When There’s a Fork in Your Career Path, Take it!

Zoe Spielvogel Press Room

By Zoe Spielvogel, BA in Journalism and Mass Communication, May 2017

For most of my life, I’ve known what career path I wanted to follow. To that end, this summer I had the opportunity to intern at PBS’ To The Contrary, an all-female news analysis show. I conducted interviews with female politicians, wrote show scripts and edited corresponding video packages, and filmed hours of B-roll footage at various events in the District. I also had the opportunity to attend an event with the POTUS and the FLOTUS on the White House South Lawn. This internship was any Journalism major’s dream. After spending nine hours a day working on these amazing projects, I would go home and watch hours of Netflix. After doing some serious soul-searching, I can now say that the latter might be more applicable to my future career plans.

Let me explain.

I enjoyed every minute of my internship. I learned so much about television production from To The Contrary’s Executive Producer Cari Stein and Host Bonnie Erbe. In fact, I’m taking a broadcast news writing class currently, and I already have most of the skills we’re learning, thanks to To The Contrary. As incredible as it was to learn about news writing and production, I found myself gravitating more towards the television production aspect of my internship than the news and politics part.

This was a huge realization. For years, I’ve told myself that I need to do something significant with my life. I’ve joked about becoming White House Press Secretary, though until this summer, it wasn’t that much of stretch from my actual aspirations. I always thought that to be successful, I had to somehow be involved in politics, to help implement actual policy change.

But this summer, I realized that’s not true. I can do something significant, even it’s not involved with politics.

How many times does television serve as a conversation starter? TV has gotten me through some of tough times, and I’m sure it has for you, too. There’s nothing better than coming home after a long day of work and bonding with your roommates, family, significant other, etc. about whether or not Lady Gaga is a good actress or who got voted off Dancing with the Stars.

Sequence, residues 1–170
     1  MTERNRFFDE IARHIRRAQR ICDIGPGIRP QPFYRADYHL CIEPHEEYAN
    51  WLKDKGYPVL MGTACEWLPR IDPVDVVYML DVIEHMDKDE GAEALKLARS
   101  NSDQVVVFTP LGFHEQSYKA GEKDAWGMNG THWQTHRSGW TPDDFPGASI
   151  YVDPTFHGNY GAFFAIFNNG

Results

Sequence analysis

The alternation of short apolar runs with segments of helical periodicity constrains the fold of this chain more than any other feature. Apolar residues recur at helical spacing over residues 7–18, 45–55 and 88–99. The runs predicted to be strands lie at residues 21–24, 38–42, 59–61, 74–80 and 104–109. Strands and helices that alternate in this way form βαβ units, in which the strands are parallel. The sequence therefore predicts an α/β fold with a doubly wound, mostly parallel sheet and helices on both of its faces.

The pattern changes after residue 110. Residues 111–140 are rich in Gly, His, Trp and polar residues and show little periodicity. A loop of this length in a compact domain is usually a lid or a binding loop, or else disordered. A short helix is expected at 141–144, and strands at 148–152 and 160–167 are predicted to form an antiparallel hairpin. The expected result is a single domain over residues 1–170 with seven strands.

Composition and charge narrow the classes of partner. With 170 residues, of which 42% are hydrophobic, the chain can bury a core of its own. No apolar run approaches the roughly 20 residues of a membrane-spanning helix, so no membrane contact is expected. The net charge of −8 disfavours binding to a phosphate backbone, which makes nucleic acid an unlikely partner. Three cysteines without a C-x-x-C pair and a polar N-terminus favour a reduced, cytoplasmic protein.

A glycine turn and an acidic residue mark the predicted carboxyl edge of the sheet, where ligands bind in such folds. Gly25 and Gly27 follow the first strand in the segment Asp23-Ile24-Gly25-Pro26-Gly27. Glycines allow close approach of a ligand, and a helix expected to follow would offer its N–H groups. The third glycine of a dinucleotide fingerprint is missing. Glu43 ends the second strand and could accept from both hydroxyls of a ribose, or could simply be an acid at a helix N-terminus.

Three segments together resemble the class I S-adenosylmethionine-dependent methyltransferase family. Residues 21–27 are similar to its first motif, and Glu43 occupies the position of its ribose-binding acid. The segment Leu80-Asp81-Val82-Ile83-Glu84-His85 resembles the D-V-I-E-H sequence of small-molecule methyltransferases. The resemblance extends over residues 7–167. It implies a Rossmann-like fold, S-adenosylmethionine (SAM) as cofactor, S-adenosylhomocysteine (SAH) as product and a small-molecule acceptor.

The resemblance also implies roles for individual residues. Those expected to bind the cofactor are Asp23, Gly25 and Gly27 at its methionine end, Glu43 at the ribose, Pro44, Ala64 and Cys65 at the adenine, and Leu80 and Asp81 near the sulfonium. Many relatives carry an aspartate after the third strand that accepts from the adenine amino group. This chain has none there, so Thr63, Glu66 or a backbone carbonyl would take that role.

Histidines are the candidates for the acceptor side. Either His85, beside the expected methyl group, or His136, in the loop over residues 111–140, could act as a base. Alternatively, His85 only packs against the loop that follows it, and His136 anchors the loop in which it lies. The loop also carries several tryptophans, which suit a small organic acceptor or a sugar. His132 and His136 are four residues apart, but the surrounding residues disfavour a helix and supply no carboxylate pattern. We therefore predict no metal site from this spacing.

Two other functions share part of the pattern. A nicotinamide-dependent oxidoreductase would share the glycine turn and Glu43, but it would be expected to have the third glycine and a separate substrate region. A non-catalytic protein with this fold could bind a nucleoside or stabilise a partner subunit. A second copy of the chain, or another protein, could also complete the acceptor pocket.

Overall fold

Not only does television connect people, but it provides a social commentary just as much, if not more, than legislation. TV constantly breaks boundaries. It comments on same-sex marriage, racism, foreign policy, and anything and everything in between.

So that’s what I’ve decided to do with my life: produce and write television shows.  Lofty goal, yes. But not nearly as lofty as White House Press Secretary.

I wouldn’t have come to this realization if it weren’t for my amazing career opportunity this summer. I was able to improve my writing by creating show scripts, and I definitely learned a lot about what makes good and meaningful television, even if it was more-news oriented and less creative. That being said, I crave the creative.

As far as how I’m going to achieve this career goal, I’m not entirely sure of that.  But I am certain that the Center for Career Services is going to be a huge help. October was Communication and Design Career Month, and there were so many events that helped me to further explore my career aspirations. I most enjoyed the Navigating a Career in the Entertainment Industry information session on October 20, and the Media and Journalism Networking Fair on October 21.

Regardless of what my future holds, Career Services has consistently shown me that there are options, and that it’s never too late to change your mind.

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